2017 was not a particularly notable year for Czech sport. However, there were some outstanding individual successes, with Barbora Špotáková winning javelin gold at the World Athletics Championships and Karolína Plíšková becoming the country’s first women’s tennis number one in decades.
Ten years after becoming world champion in the javelin for the first time, Barbora Špotáková regained that crown in August at the age of 36. What’s more, Špotáková earned her gold medal at the World Athletics Championships in London, at the same venue where she took the second of her two Olympic golds five years previously. The Czechs confirmed their javelin superpower status in the UK capital, with Jakub Vadlejch taking silver and Petr Frydrych earning bronze in the men’s competition. Both are trained by the greatest ever male athlete in the discipline, Jan Železný.
Karolína Plíšková became the world women’s tennis number one in July, two months after turning 25. She was only the second woman born in this country to achieve this accolade, after the all-time legend Martina Navrátilová. Otherwise Plíšková’s greatest success in 2017 was reaching the semi-finals of the Paris Open for the first time. Though a Grand Slam triumph still eludes her, she picked up three WTA titles this year for a career total of nine. Plíšková is now ranked fourth in the world.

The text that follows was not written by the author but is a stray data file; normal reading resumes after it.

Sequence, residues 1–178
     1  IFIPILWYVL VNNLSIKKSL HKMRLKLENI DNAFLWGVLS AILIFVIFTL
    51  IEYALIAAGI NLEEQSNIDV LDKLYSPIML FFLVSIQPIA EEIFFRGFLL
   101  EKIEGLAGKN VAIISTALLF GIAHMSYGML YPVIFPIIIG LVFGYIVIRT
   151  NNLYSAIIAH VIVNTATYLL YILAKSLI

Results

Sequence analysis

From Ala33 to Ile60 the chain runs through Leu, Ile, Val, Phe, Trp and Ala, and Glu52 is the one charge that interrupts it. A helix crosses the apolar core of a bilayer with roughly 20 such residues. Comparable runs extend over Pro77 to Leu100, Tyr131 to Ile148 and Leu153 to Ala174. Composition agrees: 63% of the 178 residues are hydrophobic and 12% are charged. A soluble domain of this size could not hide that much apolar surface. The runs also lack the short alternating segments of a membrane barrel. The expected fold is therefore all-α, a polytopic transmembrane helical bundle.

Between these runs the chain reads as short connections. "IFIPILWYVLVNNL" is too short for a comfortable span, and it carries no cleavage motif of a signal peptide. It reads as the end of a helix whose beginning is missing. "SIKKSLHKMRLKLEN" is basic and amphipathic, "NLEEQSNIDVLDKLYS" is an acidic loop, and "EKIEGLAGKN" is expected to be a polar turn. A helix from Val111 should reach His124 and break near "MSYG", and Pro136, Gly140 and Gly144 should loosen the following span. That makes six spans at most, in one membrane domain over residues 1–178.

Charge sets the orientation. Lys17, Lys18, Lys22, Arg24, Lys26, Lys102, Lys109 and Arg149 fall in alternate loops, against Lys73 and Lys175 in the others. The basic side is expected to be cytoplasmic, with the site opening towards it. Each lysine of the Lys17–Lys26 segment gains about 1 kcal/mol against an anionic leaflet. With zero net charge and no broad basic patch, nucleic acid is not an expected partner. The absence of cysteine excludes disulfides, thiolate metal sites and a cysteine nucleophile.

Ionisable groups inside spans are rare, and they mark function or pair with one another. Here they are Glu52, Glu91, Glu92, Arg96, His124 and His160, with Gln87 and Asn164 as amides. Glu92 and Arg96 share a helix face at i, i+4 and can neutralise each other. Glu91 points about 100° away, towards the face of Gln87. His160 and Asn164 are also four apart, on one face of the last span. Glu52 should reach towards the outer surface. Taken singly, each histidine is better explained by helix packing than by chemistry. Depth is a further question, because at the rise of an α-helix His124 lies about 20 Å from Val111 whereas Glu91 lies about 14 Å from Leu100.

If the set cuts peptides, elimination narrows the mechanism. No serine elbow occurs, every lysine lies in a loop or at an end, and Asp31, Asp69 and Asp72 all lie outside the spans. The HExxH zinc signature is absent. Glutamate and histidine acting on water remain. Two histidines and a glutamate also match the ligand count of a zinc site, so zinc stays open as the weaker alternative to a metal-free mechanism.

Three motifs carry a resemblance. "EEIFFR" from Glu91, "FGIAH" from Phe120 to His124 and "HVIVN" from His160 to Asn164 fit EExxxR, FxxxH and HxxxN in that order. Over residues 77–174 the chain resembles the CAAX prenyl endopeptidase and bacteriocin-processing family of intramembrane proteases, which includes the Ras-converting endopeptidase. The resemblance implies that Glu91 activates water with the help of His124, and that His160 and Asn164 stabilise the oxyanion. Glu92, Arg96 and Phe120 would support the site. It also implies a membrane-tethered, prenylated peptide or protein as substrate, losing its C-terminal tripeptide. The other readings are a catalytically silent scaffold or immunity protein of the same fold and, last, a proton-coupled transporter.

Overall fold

Petra Kvitová, a previous Czech number one, staged a remarkable comeback this year. Five months after sustaining horrific injuries to her fingers in a knife attack at her home, the 27-year-old was back in action on the clay courts of the French Open in May. And while Kvitová didn’t last long in Paris, she did win her 20th title in Birmingham the following month.
The glamour of men’s tennis came to Prague in September with the first ever edition of the Laver Cup, in which a European team take on a rest of the world selection. Roger Federer won it for the Europeans (including Czech Tomáš Berdych) with a nail-biting tie-break victory over Team World’s Nick Kyrgios. Unfortunately for local fans, the Czech capital was serving as a one-off host of the glitzy event.
The Czech national soccer team had a year to forget, missing out on the 2018 World Cup in Russia. With holders Germany in their group, the Czechs’ best bet was to try to come second. However, they lost that berth in the playoffs to Northern Ireland, who beat them in Belfast in September. Karel Jarolím, who only took over in summer 2016, has been retained as manager.
Slavia Prague lifted their first domestic football league title in eight years in May. The Chinese-owned club finished two points ahead of Viktoria Plzeň, who had won the championship in three of the previous six seasons. Plzeň currently look set to add to that tally: They went into the winter break a full 14 points ahead of the defending champions.